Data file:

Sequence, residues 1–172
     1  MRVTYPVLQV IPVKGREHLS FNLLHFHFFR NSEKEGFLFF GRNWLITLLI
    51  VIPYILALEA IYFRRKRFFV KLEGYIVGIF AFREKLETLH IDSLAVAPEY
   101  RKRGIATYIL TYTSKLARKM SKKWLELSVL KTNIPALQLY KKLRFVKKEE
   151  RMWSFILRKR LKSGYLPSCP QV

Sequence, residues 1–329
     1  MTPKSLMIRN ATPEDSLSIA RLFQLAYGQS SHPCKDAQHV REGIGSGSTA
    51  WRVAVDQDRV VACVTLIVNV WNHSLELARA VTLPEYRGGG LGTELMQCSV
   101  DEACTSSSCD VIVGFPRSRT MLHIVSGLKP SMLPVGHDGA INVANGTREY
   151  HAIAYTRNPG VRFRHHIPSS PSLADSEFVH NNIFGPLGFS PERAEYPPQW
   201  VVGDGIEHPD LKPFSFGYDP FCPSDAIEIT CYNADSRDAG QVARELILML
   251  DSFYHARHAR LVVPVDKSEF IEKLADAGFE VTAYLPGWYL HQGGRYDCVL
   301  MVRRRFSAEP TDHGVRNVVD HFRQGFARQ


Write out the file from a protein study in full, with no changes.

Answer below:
Sequence, residues 1–172
     1  MRVTYPVLQV IPVKGREHLS FNLLHFHFFR NSEKEGFLFF GRNWLITLLI
    51  VIPYILALEA IYFRRKRFFV KLEGYIVGIF AFREKLETLH IDSLAVAPEY
   101  RKRGIATYIL TYTSKLARKM SKKWLELSVL KTNIPALQLY KKLRFVKKEE
   151  RMWSFILRKR LKSGYLPSCP QV

Sequence, residues 1–329
     1  MTPKSLMIRN ATPEDSLSIA RLFQLAYGQS SHPCKDAQHV REGIGSGSTA
    51  WRVAVDQDRV VACVTLIVNV WNHSLELARA VTLPEYRGGG LGTELMQCSV
   101  DEACTSSSCD VIVGFPRSRT MLHIVSGLKP SMLPVGHDGA INVANGTREY
   151  HAIAYTRNPG VRFRHHIPSS PSLADSEFVH NNIFGPLGFS PERAEYPPQW
   201  VVGDGIEHPD LKPFSFGYDP FCPSDAIEIT CYNADSRDAG QVARELILML
   251  DSFYHARHAR LVVPVDKSEF IEKLADAGFE VTAYLPGWYL HQGGRYDCVL
   301  MVRRRFSAEP TDHGVRNVVD HFRQGFARQ